Rates have been low for the last several years. Investors have been chasing yield; income über alles! This search for yield plus relatively unlevered corporate balance sheets going into the global financial crisis proved to be the perfect conditions to spawn a tribble-like expansion of the corporate bond market. Now here we are, contemplating risks to this vastly larger corporate bond market. What exactly should we concerned about?
Many believe that the main risk to corporate bonds has to do with “Fed liftoff”, the idea that the Fed will embark upon a series of rate rises leading to a selloff in the US treasury market. I think that the main risks have to do with other factors like the large amount of debt taken on by the oil and gas sector and emerging markets corporations. These risks, if I am proven right, will be reflected in relatively higher interest rates for corporate bonds versus US treasuries.
Corporate bond risk can be summarized in two concepts:
- Interest rate risk: This is sensitivity to the government bond market in the currency of issue. US corporate bonds are sensitive to changes in the yields of US treasuries. The higher the quality of the corporate bond, the more faithfully it tends to follow changes in treasury rates.
- Spread risk: The spread is the extra yield investors receive over the treasury rate for taking on default risk and other risks associated with corporate bonds. Though default risk is most often cited as the reason the spread premium exists, the bulk of the spread compensates for illiquidity and the exposure to market volatility.
You can see in the following chart that the yields of Baa rated corporate bonds, the lowest rated investment grade bonds, generally have followed treasury yields since 1953, when the 10 year data begins.
Given the high debt levels in the US, quiescent inflation and the likely continuation of sub par GDP growth, US treasury rates should not go very high when the Fed does finally raise rates. The current situation is not unlike the early 1950s through the mid-1960s: Inflation was low and the US was working off the high debt burden of WWII. The difference is that GDP growth was higher then than is possible today.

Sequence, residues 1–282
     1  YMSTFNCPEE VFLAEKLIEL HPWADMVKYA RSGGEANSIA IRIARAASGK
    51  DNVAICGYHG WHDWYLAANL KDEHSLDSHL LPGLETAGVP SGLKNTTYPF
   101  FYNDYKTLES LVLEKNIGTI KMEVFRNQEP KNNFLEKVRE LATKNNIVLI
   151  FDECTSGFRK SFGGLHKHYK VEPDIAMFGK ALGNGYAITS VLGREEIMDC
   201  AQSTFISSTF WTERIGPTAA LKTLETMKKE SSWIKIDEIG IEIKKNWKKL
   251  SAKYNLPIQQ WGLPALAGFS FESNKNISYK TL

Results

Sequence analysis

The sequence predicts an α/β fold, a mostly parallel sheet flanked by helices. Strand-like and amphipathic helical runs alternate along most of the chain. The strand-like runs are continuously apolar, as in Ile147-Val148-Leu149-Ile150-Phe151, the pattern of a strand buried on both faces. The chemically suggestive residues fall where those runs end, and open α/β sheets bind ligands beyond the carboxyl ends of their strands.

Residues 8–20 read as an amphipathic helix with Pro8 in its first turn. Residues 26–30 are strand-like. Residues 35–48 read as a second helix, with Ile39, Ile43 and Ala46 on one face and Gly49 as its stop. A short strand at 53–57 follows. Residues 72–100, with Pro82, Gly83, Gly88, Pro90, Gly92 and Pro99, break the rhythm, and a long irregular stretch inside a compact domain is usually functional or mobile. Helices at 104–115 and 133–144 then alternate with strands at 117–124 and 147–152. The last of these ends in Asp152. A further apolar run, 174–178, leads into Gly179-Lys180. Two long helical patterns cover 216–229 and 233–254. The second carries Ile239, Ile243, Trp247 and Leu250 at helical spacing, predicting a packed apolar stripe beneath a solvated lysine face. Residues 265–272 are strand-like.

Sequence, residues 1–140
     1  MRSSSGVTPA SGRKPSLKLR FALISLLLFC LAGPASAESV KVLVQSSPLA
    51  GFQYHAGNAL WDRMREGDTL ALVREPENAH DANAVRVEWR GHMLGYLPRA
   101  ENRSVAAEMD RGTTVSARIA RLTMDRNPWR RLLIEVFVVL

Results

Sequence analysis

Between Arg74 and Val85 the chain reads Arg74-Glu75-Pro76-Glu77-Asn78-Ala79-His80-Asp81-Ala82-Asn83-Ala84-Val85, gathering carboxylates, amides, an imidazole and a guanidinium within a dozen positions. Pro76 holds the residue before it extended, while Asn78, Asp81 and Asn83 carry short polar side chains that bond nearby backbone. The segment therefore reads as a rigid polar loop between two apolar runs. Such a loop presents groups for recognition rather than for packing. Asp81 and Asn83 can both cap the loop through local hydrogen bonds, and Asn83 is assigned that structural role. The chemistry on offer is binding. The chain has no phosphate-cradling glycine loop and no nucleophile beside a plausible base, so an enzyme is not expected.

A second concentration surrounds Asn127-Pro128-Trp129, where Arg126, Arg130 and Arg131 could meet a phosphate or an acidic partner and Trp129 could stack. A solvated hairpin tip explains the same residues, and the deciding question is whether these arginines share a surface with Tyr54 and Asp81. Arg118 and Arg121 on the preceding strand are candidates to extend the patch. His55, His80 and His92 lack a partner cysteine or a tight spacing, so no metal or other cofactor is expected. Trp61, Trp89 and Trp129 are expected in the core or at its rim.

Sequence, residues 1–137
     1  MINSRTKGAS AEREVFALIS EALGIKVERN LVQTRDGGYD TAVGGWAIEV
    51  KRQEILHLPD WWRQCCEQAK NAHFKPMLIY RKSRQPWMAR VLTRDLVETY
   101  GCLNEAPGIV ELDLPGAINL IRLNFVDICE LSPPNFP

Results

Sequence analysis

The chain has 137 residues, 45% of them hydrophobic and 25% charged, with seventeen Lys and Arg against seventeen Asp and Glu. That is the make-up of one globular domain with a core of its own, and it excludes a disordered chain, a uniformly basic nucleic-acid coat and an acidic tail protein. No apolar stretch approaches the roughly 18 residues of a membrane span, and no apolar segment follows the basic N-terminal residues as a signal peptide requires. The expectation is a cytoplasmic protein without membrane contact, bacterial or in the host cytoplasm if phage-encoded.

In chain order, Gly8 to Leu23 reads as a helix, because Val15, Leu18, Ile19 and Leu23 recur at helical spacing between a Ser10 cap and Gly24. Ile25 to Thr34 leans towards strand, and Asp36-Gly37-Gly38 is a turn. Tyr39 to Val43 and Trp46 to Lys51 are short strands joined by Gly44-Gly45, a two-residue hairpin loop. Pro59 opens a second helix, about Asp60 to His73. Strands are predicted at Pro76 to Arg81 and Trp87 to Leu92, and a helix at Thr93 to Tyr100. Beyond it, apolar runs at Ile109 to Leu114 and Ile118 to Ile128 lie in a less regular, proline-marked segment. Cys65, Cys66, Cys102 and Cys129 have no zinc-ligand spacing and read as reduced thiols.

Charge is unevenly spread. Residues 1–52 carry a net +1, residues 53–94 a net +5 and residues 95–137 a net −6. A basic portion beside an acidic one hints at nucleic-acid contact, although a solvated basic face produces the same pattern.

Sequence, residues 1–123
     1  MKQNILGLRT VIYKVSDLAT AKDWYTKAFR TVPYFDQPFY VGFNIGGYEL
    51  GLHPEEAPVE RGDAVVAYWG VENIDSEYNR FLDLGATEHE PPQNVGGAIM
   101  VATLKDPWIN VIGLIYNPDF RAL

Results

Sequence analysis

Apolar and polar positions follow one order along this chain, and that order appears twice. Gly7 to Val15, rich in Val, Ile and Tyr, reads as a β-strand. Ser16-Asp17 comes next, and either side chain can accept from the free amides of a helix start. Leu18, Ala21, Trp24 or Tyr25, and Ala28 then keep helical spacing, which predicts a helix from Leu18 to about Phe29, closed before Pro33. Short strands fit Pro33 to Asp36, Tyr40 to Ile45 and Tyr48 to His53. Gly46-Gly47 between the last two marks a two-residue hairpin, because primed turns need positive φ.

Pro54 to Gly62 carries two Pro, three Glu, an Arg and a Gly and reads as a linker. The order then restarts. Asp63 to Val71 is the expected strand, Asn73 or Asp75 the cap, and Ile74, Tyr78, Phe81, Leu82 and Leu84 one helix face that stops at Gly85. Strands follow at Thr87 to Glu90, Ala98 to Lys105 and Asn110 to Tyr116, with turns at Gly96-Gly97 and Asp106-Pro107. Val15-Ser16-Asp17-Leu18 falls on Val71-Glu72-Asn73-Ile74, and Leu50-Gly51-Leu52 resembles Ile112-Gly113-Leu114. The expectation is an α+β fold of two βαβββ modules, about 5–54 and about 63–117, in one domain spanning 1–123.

Spreads, on the other hand, can go higher. I don’t believe that they will approach the levels seen during the financial crisis, but we could see something closer to what we saw at the turn of the millennium. The chart below of the “Quality Spread”, the difference between Aaa bonds and Baa bonds, goes back to 1919. It shows that the largest spikes in the corporate bond spread have been associated with big macro events.
The two big spikes that bookend the chart are from the Great Depression and the Global Financial Crisis. Other prominent peaks are associated with premature tightening in 1938, the collapse of Bretton Woods in the 70s, the oil shocks of the 70s and Volcker’s slaying inflation dragon in the early 80s. (The elevated spread in the 1920s may be related to the recessions shown in gray.)
The recent spread widening and stock market selloff remind me of the late 1980s and early 2000s. Spreads widened materially, but did not attain the peaks of the macro crises. In both those instances, we had overinvestment in a number of industries that led to crises, but not global crises. In the 80s, banks were impaired by bad commercial real estate lending and emerging market sovereign lending. In the late 90s into the early 2000s, the equity market was choking on tech issuance as was the corporate bond market, a lesser known fact. A lot of capital was raised in the bond markets to fund the build out of the internet and the deregulated power sector. Many phone companies, cable companies and merchant power producers went bankrupt or found themselves at the brink.
Recently, the issuance has been concentrated in oil and gas, materials and mining. A lot of capital has been raised in emerging markets as well. Naturally, the Venn diagrams overlap substantially in the commodity focused sectors, though EM banks are heavily implicated too.
If the slowdown in China, the rout in commodities and the troubles in emerging markets continue, spreads are likely to get wider. Consider how well the Baa spread has tracked the VIX, the measure of the S&P 500’s expected volatility known as “the fear index”. Stocks are telling us something.
Whether it’s about excessive leverage in certain sectors, a slowdown in growth in China and its effects on commodity producing nations or something else entirely, it has and will continue to propagate into corporate bonds. We have been duped into following a sideshow. Dammit, forget Janet. Turn off CNBC. Pay attention to the asset markets.